Verizon Communications Inc. is looking at a move into Canada’s cellular telephone business, one of several possible new entrants whose arrival would salvage the federal government’s ambitions for a fourth wireless player across the country.
Ottawa, which is weighing alternatives as it seeks to preserve its plan for enhanced wireless competition, views Verizon as the most likely foreign option. Verizon has held exploratory talks with investors in Wind Mobile – one of two struggling new entrants in the wireless market – in recent weeks, but those discussions are still at an early stage. AT&T Corp. of the U.S., Vodafone Group Plc of Britain and Telenor Group of Norway are other names circulating within the telecommunications industry as possible investors, sources said.
The federal government relaxed foreign ownership restrictions last year in a bid to shore up competition in the wireless sector, where smaller new entrants such as Wind Mobile and Mobilicity were failing to make headway against larger incumbents. Up until now, there has been no indication that a foreign firm has been prepared to enter the wireless market.
The entry of a major new competitor would intensify price competition, as well as a choice of an additional next-generation high-speed wireless network in the key markets of British Columbia, Alberta and Ontario.
The game plan would be for Verizon to take over a smaller player such as Wind Mobile and participate in the coming auction of new wireless spectrum to create a strong fourth carrier, said two industry sources familiar with the situation. The most attractive target is Wind, the larger and healthier of the two small operators, but Mobilicity is also an option. “They [Verizon] are definitely taking a hard look right now,” said one source.
A huge company such as Verizon could then roll out new, faster technology and low prices to undercut Canadian incumbents.
At the moment, Mobilicity and Wind Mobile, the two biggest new entrants in the wireless business, are struggling and for sale. Mobilicity tried to sell itself to Telus Corp., one of the big three Canadian wireless operators, but the government blocked that because it wants to keep the small players out of the hands of the large Canadian incumbents.
VimpelCom Ltd., the largest investor in Wind, has put the company on the auction block, seeking a price of more than $500-million. That sale process too is tied up amid talks with Ottawa, and it now seems certain no big Canadian company can buy Wind for now.
Representatives of Verizon, Wind, and VimpelCom declined to comment.
Executives at Verizon were said to be heartened by Industry Minister Christian Paradis’ announcement in early June that Ottawa remains committed to having at least four carriers in every regional market, and is cognizant that new carriers require sufficient spectrum to better compete by offering advanced wireless services such as LTE.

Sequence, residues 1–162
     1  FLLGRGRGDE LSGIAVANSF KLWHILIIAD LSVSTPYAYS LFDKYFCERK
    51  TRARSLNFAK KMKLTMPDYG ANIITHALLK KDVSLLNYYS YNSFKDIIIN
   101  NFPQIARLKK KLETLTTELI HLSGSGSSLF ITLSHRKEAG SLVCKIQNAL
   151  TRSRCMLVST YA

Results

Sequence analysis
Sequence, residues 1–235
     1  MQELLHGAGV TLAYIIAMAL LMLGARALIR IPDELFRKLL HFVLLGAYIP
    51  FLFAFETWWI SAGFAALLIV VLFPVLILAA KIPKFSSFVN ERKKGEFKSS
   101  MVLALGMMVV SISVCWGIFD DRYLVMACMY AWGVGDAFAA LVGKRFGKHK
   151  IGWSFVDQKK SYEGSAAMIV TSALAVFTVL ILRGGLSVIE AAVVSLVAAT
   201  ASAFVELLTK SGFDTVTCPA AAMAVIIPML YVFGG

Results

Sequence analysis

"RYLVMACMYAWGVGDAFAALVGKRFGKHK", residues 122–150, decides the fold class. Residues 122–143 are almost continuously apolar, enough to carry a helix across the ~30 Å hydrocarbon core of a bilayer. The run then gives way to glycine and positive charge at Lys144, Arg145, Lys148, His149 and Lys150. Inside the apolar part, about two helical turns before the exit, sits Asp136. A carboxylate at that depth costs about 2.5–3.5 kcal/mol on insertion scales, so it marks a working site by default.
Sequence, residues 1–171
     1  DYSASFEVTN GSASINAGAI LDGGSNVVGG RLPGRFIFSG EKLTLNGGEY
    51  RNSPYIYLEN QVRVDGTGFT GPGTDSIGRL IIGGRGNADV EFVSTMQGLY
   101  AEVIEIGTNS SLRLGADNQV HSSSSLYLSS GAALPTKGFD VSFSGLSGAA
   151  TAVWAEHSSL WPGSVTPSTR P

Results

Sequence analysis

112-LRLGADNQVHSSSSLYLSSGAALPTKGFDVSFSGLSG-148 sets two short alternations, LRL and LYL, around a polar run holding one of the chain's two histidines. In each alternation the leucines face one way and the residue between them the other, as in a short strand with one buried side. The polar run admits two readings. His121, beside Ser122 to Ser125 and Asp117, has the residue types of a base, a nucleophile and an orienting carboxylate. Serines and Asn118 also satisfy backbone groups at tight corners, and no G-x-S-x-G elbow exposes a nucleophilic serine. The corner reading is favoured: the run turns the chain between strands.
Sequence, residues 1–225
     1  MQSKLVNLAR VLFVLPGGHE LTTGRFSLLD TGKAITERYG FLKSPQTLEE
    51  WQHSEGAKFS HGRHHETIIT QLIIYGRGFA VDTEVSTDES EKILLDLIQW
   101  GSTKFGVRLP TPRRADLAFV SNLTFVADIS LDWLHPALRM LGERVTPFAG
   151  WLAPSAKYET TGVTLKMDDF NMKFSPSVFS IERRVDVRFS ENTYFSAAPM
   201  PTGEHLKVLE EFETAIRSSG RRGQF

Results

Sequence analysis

Verizon is already familiar with the Canadian market due to its previous investment in Telus Corp. Until 2004, Verizon was a major shareholder in the Canadian company.
Under current federal rules, foreigners can own a Canadian wireless carrier, but only if it has 10 per cent or less of the market.
A Canadian option may also emerge. Catalyst Capital Group, a Toronto-based private equity fund operator, owns a big chunk of Mobilicity debt and has a plan to create a fourth wireless player.
Whichever company tries to create a new, stronger fourth carrier will have to cut a large cheque. VimpelCom’s chief executive has stated he expects it would cost $1-billion to get Wind to a point where it is not bleeding cash. But Dvai Ghose, the telecommunications analyst at Canaccord Genuity, puts the figure “nearer an incremental $2-billion” for spectrum purchases, network upgrades and consolidation costs.
Should it be Verizon, the company has size on its side. Verizon reported almost $20-billion (U.S.) in wireless revenue in the first quarter alone. Verizon Wireless, owned by Verizon with junior partner Vodafone, runs the largest fourth-generation long-term evolution (4G LTE) wireless network in the U.S. Its almost 100 million subscribers dwarf Canadian rivals such as BCE Inc. and Rogers Communications Inc.
Verizon has massive buying power for smartphones including high-end devices like iPhones, enabling the U.S. carrier to win price wars with Canadian carriers like Rogers, Bell and Telus even on a two-year contract.
Verizon could also compete on speed, by replacing key parts of a smaller player’s network and adding gear for faster LTE technology. Doing so would also allow Verizon to solve security concerns that have dogged Wind’s sale process in part because key parts of its network are built with gear from China’s Huawei, a concern for the government, as The Globe and Mail has reported.
Telenor as well should be familiar with Canada, through Wind, as it is VimpelCom’s second-largest shareholder.
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